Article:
The way Day Bracey describes it, he “just kind of fell into” the world of craft beer.
“I bought a case of Full Pint, liked it and started drinking it on the podcast,” said Bracey, who partners with Ed Bailey to form Drinking Partners, a popular, award-winning podcast that is ostensibly focused on the world of craft beer but almost always manages to incorporate humor and social commentary.
From there, it didn’t take them long to discover what is hardly an industry secret: The world of craft beer has been traditionally dominated by white men.
While women are making strides — nearly one-third of U.S. craft beer is now consumed by women, according to the Brewer’s Association — minority inclusion remains low.
“When we go to breweries, we look around, and it’s like, ‘Man, there’s not a whole lot of us here,’” Bracey said.
So Bracey, Bailey, and Mike Potter — creator of Black Brew Culture, an online magazine set to launch in the fall that will celebrate African-Americans in craft beer — decided to do something about that.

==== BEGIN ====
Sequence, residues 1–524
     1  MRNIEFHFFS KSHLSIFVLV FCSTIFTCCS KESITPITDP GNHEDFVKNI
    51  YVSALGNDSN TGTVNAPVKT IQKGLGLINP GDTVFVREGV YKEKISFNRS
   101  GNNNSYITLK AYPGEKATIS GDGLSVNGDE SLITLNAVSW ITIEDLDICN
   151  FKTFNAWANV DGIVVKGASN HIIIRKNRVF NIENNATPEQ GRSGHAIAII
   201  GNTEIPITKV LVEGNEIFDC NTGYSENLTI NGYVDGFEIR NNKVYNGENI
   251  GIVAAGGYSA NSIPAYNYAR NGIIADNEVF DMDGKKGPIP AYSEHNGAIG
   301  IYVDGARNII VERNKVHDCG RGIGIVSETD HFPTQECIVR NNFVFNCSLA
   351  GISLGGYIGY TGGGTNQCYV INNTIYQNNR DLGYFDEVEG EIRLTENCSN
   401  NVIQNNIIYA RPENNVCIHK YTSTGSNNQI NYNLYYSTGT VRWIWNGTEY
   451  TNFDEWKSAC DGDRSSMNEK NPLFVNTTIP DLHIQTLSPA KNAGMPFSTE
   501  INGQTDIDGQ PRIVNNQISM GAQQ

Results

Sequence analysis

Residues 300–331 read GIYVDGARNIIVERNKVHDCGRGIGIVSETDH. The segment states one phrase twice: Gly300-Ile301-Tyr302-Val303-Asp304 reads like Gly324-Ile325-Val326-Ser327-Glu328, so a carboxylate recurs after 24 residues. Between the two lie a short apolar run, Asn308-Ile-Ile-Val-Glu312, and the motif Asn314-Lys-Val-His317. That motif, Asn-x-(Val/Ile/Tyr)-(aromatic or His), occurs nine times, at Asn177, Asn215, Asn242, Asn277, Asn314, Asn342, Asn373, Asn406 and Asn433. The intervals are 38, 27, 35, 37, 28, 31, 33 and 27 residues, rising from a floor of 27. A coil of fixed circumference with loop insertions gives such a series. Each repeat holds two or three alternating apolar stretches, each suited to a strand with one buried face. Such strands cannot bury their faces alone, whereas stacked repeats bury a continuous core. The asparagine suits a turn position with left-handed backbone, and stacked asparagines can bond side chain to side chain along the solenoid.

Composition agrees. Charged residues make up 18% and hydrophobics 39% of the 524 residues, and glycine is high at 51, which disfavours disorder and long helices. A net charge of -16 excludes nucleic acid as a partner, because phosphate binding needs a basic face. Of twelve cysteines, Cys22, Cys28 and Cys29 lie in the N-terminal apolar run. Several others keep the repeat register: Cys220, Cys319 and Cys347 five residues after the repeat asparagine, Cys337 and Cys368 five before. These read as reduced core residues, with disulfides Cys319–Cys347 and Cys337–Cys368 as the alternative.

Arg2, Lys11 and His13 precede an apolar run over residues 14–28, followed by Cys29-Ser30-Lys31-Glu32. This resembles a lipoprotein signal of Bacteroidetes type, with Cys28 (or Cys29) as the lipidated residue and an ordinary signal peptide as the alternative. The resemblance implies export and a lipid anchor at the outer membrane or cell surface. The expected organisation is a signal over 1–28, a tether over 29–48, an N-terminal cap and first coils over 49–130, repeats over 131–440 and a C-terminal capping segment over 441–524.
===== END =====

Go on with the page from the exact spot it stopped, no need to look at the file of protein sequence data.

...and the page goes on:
Their idea: Fresh Fest ’18, Pittsburgh’s first black beer festival, which will bring 15 black-owned breweries from around the country to Threadbare Cider House & Meadery on Aug. 11, along with 10 local brewers who will partner with black artists, entrepreneurs and small business owners to collaborate on a beer.
“Whether that collaboration is on the beer style, the label design or the name, it’s so they can have some representation with that brewery and cultivate relationships,” Bracey said. “We think it’s a great way to start that dialogue in Pittsburgh.”
Local businesses who have signed up so far include Apis Mead and Winery, Bloom Brew, Butler Brew Works, Full Pint Brewing Co., Hitchhiker Brewing, Mindful Brewing Co., Rock Bottom Brewery, Shubrew, and Voodoo Brewery.
There will be entertainment, food trucks, tastings, panel discussions, meet-the-brewer sessions and educational forums. Ticket prices will range from $30 to $100, depending on the package. Organizers hope to draw 500 to 700 people and to turn Fresh Fest into an annual event.
All are welcome, of course, and Bracey said they’re hoping to draw a diverse crowd. Otherwise, he said, if he looks at the crowd on Aug. 11 and sees only white faces, “then we failed. We’d have to start over. Because this about inclusivity.
“There are very few black ownership groups in mass or craft beer around the country, and zero in Pittsburgh. But this is a billion-dollar industry so we feel it would help the black community to be involved. Part of that is access and education.”